Pew: “Now, thinking about Barack Obama’s religious beliefs: Do you happen to know what Barack Obama’s religion is? Is he Christian, Jewish, Muslim, Buddhist, Hindu, atheist, agnostic, or something else?”
The Pew question about Obama’s religion is the same wording as a previous question when the respondents were asked about their own religion. Thus, the Pew question did not subtly suggest to the respondent any specific answer. Moreover, Pew’s question is less “forcing” than Time’s question, because the former says “Do you happen to know?” – implying that it’s okay not to know.
The Time question, on the other hand, limits the responses to two categories and essentially “forces” an answer from the respondent. The stronger “forced-choice” aspect of the Time question no doubt accounts for the much smaller percentage of Time respondents (24 percent) who offered no opinion, compared with Pew (45 percent).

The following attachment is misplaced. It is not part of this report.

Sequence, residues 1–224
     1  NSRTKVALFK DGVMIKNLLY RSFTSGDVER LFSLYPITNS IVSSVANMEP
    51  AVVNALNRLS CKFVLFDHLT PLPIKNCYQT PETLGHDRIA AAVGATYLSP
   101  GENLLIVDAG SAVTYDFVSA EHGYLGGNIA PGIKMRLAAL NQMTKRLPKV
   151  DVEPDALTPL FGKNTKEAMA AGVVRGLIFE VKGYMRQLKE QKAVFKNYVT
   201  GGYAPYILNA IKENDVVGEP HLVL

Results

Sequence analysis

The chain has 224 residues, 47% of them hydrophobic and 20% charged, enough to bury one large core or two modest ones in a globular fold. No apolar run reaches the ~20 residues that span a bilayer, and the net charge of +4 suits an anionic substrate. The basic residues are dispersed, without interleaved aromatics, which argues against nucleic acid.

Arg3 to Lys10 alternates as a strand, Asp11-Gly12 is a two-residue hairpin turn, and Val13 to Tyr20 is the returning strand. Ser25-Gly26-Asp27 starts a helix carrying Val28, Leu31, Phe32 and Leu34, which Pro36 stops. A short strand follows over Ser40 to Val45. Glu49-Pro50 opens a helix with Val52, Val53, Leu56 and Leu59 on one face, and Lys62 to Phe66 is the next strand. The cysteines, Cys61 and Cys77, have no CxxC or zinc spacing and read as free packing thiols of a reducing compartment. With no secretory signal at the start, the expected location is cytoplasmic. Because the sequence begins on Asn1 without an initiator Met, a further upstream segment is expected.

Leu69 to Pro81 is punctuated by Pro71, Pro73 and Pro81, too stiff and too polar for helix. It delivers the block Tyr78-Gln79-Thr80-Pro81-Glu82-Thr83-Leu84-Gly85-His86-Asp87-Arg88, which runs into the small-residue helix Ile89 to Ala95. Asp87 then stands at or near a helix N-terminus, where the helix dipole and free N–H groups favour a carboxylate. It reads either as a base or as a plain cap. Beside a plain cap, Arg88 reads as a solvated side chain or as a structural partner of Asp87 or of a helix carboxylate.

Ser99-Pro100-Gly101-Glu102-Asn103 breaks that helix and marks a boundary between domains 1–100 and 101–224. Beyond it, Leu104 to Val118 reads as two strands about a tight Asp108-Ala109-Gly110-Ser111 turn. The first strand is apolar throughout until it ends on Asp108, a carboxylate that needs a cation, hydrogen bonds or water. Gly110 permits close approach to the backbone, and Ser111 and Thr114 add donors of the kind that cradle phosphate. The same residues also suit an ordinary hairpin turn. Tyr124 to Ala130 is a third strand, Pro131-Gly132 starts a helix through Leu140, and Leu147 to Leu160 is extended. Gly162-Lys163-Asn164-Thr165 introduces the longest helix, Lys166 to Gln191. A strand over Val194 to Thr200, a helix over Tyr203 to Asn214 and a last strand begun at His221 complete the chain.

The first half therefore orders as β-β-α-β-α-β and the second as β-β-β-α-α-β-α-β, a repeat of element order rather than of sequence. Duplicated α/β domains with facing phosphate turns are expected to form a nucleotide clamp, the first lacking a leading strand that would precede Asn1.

When “forced” to make a choice, as Time respondents were, people are more likely to pick “Christian” than “Muslim” – Time got a 13-point higher “Christian” response than Pew, but only a 6-point higher “Muslim” response.
This analysis suggests that the Pew question is probably a more accurate measure of the public’s views about Obama’s religion. But even Pew’s question has some degree of forcing about it. It would have been more accurate to ask if people “happen to know” what Obama’s religion is – “or don’t you know?” That would have reassured the respondents that it was really fine if they didn’t know.
An alternative would be to follow up the question, by asking something along this line: “Do you firmly believe Obama is a (Muslim/Christian), or is that just a guess?”
The point is that in the context of public opinion surveys, respondents will go ahead and guess about questions, in their attempt to cooperate with the interviewer. If we really want to know how many people don’t know something, the question has to provide that as an option – to reduce the implied pressure that respondents must have an acceptable answer.